An Ounce of Prevention
The diet itself isn’t a scam — but the marketing around it sure is. The sensational claims and aggressive e-mail campaign play on the public’s deep desire for a quick fix and expose Prevention’s apparent belief that it can slap a new face onto an old idea and simply exclamation-point its malleable readers into buying — and buying into — it. And it probably can. But at what cost? Googling a little more deeply, I found a whole lot of folks who feel that Prevention sullied its good rep by inundating its readers with these clearly over-the-top claims. No, you can’t sell a magazine by proclaiming month after month, “No New News! Eating Right and Exercising Still the Key to Good Health!” But come on. There has to be a happy medium.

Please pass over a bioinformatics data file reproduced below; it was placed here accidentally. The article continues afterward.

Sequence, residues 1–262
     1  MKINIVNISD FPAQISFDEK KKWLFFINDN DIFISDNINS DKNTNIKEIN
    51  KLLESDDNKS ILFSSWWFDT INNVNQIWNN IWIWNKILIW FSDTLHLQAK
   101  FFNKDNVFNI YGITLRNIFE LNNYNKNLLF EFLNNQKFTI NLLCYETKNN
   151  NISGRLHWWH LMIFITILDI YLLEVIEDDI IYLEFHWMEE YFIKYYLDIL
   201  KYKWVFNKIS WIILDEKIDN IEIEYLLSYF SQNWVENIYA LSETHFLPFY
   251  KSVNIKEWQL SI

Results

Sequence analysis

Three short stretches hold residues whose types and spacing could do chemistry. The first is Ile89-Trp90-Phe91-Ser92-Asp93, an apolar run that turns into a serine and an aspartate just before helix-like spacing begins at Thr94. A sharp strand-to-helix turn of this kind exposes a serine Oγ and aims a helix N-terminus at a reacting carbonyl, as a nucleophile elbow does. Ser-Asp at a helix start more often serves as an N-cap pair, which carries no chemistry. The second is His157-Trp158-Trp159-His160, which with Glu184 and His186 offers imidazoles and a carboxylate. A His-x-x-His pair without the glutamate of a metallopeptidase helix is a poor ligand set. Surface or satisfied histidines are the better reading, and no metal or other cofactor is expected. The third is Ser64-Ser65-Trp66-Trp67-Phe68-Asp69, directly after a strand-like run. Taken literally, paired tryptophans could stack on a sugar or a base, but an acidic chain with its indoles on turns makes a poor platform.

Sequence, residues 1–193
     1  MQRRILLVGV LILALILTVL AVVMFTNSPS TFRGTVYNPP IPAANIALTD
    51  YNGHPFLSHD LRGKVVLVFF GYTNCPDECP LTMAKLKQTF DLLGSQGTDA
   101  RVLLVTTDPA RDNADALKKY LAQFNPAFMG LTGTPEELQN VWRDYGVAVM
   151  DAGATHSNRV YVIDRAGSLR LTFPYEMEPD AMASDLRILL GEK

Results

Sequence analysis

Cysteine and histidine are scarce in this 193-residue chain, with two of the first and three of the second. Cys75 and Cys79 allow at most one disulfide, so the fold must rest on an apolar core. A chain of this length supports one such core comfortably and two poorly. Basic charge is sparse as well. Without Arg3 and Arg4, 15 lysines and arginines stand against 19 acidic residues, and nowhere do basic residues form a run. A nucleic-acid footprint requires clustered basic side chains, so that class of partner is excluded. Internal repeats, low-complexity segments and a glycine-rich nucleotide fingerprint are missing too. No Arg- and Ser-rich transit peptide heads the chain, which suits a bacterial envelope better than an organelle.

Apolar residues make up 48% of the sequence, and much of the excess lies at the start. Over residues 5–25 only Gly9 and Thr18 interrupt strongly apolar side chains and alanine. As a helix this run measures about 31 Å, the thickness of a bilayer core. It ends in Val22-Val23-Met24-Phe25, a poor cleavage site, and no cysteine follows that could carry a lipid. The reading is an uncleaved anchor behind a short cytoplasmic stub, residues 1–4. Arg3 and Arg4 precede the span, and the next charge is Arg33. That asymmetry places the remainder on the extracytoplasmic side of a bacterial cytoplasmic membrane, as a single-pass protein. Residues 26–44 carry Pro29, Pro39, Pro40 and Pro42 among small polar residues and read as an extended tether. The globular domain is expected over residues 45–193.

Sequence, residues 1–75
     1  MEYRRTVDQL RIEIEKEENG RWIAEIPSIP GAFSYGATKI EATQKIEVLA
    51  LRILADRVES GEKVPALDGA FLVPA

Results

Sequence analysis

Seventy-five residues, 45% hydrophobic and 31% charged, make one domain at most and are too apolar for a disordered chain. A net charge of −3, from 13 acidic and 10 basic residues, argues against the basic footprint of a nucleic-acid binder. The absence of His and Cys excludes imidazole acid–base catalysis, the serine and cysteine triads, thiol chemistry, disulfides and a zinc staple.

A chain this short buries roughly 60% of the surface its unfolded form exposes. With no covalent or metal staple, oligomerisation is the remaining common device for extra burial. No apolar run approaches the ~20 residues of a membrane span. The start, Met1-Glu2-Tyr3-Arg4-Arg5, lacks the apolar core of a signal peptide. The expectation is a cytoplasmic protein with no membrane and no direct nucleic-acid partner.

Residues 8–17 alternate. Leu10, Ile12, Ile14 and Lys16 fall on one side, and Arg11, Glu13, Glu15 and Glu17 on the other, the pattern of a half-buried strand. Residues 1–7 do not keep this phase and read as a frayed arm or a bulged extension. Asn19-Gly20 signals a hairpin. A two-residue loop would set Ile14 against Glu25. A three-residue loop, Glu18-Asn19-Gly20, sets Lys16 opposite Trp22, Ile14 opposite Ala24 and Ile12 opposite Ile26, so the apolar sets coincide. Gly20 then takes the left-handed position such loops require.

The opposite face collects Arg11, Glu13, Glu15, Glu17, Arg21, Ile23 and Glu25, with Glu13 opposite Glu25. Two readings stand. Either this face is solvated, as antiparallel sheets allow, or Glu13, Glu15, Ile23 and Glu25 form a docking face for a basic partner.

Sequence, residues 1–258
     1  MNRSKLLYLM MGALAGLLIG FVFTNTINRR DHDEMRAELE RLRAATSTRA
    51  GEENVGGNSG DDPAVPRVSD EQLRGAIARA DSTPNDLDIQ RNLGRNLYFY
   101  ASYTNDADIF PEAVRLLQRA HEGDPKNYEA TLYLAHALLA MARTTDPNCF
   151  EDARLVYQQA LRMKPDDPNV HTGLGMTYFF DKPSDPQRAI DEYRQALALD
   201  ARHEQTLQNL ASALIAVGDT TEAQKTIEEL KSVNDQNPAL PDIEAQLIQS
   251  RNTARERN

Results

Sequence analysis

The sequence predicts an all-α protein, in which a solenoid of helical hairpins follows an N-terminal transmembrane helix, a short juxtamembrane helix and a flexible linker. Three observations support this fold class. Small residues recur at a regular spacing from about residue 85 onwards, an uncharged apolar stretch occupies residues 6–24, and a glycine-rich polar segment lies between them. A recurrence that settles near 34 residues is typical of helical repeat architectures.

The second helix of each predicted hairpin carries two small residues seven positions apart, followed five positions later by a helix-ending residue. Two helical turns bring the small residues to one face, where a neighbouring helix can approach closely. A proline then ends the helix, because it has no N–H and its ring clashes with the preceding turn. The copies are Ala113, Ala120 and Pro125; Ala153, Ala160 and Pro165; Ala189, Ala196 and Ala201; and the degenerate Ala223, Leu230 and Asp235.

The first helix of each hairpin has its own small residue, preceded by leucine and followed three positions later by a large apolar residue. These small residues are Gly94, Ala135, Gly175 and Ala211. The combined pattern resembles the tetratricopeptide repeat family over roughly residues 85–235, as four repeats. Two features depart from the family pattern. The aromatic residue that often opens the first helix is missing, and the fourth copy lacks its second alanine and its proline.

As you dig deeper and extend your reach further to find more donor dollars in a worsening economy, be careful about who and what you align your organization with. Don’t make promises you can’t keep. Don’t pretend to be new and improved. Don’t play your donors like mindless pawns. In the case of nonprofit organizations, an ounce of Prevention (-like tactics) could well be worth a lifetime of donor trust issues. Why risk it?